Blues on Black Friday

November 29, 2013

Because it is the holiday that more than any other transcends race, religion and class,
because it unites all Americans (save Native Americans) in their shared immigrant heritage, and because it calls us to be humble, reflective and grateful for what we have, Thanksgiving is the day in which I feel most happy and most comfortable in my American skin.
The ritual of sharing a meal is one of the oldest, most universal and most sacred rites of human civilization and one highly charged with spirituality not necessarily connected to any form of religion. In short, it is a beautiful celebration.

Alas, these days, one must tune out much of the world and virtually all of the media to authentically sustain such feelings and such a spirit for if you do not, you will likely besieged by a spirit that utterly negates all that Thanksgiving is meant to celebrate. And it is designed to do exactly that.

I’m speaking, of course, of the frenzied, violent consumer rampage known as Black Friday, a spectacle that in the past few years has ballooned so rapidly and widely it is now almost impossible to be unaware of it. In some places it has even devoured Thanksgiving Day itself. I caught about two minutes worth of a super slick TV ad for the thing yesterday while watching about ten minutes of some football game. Appropriately, the ad took place in a setting where frenzied middle class people were also watching some football game only to be reminded that Black Friday sales were starting early and…

The ad was designed to transform the orgy of greed into something more than normative. It was designed to make such behavior seem zany and funny and ironic all at the same time. America has become extraordinarily skilled at making virtues of even the basest human impulses with the advertising industry often leading the way. And it’s working. According to CNN, 97 million Americans went shopping on Black Friday. And they have ample footage of ecstatic crowds charging through doors of Wal-Mart as well as ample footage of crazed consumers pummeling other crazed consumers to get their hands on some thing or other — and doing so as if their very identities depended on owning something. And can a people be more vacuous than that ?

To me the most revealing and terrifying aspect of the Black Friday spectacle is that an extraordinary percentage of such violent, almost junkie like behavior, is motivated by a desire (or need) to get their hands on gadgetry, and gadgetry that pretty much guarantees passivity and isolation in the life of its possessors.Or gadgetry that will keep them perpetually entertained and distracted from both the weight and glory of life. After all, these people are not stepping on each other’s backs to obtain microscopes or cellos or guitars or even books and CDS but rather gigantic “plasma” TVs, and computers, sound systems and the like. I‘m aware that we dwell in an age so degraded that the sole criteria for all things is how it affects the economy, but I must say this: Culturally, spiritually and intellectually, I cannot see how any good, any good at all can come of these riots. Nor can I see, in the long run, how the beauty and spirit of Thanksgiving can withstand such defilement or how what is good in the soul of America can survive at all.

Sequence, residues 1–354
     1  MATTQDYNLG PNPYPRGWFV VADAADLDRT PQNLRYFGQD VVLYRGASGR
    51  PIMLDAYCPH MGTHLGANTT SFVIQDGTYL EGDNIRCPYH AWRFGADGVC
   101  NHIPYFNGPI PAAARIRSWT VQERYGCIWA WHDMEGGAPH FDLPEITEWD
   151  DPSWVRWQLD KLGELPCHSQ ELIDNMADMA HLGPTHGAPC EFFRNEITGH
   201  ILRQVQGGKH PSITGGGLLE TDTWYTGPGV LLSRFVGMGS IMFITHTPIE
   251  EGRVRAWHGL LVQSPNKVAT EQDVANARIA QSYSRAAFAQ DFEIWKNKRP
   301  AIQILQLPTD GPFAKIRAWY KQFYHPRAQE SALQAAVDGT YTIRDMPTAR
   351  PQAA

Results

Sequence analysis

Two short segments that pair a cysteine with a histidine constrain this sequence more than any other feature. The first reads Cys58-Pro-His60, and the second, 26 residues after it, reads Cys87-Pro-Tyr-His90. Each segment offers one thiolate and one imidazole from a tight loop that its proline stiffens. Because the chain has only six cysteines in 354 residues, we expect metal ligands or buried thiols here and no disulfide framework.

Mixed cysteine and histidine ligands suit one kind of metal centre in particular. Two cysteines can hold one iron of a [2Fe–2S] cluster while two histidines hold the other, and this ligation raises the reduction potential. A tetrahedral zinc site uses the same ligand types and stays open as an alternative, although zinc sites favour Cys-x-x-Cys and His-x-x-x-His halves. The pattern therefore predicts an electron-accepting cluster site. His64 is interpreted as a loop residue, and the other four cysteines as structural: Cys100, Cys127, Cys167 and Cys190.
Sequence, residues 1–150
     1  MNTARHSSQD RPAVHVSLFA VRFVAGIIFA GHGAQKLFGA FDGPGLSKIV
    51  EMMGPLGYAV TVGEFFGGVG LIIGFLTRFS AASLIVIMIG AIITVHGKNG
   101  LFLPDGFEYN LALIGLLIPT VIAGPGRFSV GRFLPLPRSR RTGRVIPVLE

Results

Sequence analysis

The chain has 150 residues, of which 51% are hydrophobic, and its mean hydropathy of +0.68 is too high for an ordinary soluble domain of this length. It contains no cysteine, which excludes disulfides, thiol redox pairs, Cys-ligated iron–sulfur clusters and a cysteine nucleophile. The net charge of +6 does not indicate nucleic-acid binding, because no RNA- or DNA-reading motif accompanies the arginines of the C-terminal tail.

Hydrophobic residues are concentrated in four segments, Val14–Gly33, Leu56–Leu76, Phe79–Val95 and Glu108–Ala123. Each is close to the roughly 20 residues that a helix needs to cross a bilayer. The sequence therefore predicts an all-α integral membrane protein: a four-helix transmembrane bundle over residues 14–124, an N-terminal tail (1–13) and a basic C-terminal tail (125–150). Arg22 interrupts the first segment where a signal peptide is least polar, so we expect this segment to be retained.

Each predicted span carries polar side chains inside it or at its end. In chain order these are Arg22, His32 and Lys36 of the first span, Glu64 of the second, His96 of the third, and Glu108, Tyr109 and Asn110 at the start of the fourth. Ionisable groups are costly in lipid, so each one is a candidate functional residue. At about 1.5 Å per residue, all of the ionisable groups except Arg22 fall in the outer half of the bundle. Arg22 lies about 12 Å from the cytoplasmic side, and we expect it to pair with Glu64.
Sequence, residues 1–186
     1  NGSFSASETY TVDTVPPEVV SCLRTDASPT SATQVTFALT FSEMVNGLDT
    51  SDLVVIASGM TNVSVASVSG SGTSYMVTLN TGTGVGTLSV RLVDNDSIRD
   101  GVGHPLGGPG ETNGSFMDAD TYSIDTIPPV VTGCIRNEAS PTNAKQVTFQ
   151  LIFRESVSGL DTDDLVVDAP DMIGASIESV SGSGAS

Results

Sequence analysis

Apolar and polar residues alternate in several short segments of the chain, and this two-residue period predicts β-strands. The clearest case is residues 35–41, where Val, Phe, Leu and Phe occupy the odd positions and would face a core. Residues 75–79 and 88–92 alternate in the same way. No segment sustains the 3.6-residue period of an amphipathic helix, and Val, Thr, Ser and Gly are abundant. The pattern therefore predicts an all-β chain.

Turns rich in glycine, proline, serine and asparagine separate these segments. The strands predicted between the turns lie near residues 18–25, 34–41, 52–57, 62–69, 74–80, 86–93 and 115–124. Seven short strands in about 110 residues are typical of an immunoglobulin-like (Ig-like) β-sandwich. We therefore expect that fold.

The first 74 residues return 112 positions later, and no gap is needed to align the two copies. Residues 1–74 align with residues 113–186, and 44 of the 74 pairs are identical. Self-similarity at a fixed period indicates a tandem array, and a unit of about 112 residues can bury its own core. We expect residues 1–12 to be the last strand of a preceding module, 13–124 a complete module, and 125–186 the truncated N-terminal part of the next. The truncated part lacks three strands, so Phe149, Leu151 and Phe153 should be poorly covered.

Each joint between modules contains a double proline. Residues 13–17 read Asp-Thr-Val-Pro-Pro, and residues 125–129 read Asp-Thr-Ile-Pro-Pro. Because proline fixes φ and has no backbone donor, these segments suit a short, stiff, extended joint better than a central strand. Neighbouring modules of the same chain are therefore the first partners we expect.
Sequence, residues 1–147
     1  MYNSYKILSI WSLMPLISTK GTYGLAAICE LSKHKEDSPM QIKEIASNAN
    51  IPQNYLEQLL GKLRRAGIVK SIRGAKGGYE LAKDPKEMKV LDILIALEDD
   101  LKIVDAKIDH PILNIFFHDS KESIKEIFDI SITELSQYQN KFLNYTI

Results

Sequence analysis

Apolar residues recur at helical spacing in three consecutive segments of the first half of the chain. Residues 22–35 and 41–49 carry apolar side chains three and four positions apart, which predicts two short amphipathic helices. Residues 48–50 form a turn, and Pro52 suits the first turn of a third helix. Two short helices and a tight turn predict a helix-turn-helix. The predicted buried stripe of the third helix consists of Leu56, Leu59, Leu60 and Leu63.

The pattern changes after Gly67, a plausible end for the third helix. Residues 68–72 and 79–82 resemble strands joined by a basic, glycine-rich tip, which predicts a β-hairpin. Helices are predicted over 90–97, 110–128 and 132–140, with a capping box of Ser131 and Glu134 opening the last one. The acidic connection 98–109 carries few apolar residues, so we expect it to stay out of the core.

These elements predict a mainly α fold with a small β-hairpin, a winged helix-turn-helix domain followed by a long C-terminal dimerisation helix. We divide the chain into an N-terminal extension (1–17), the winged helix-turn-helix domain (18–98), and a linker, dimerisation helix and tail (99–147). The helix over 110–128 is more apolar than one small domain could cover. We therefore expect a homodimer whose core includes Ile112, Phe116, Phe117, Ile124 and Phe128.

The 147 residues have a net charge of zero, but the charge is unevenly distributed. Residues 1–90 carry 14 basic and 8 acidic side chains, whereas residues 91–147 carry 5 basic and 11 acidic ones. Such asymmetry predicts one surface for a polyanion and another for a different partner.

And I am fearful for my daughter and all the children of this lost nation.

Saturday addendum: Fights, knifings, evacuations, and more. What kind of people have we degenerated into ? How quickly this becomes the norm. How soon before some weasel makes this disgrace into a “reality” show and the same people are stepping on each other to get on it ?


5 Responses to “Blues on Black Friday”

  1. Lisa Martin Says:

    Hi Patrick,
    Marty forwarded me your latest blog, about “Bleak Friday,” and it captured so eloquently many of the feelings I have about this deadly phenomenon. I have been noticing, over the past ten years or so, the cold creep of Black Friday, which was awful to begin with, into Thanksgiving. You are spot-on when you describe T’giving as a day that is sacred without being religious (secularly sacred?) For that, I have always treasured it. And now it’s official: the tireless capitalist monster sleeps no more. Why can’t we have a day of rest anymore? It’s like the cruelty of sleep deprivation: we must always be awake, ever-vigilant, so that we are ready to pounce and acquire.

    Good work!

    • patrickwalsh Says:

      Thank you Lisa. Hope you and our Bab and all of yours withstood the ugliness to have a lovely Thanksgiving.

  2. doggirl Says:

    I am to the point where I try to shun tv and media over the holidays or at least to be very selective about what I look at and listen to. And then I am getting to the point where I just want to do that all year long, not just during the holidays. I was watching some great Hitchcock movies yesterday on AMC and was so bombarded with xmas commercials it took all the fun and wonder out of the nostalgic moments I was experiencing. Later I thought I should have just taped the movies and watched them later so I could bypass all the commercials.

  3. paulvhogan Says:

    Used to be….. Thanksgiving stood out as the ONLY nat’l holiday that didn’t involve militarism and/or flag worship and/or konsumer kraziness. With the evolution of Bleak Friday, that’s all gone now.

    Yet another American tradition to loathe. Or at least to try to ignore.

    • patrickwalsh Says:

      Good points Paul. Ignore or try our best in what ever tiny way we can to change it. Bleak and depressing, indeed.

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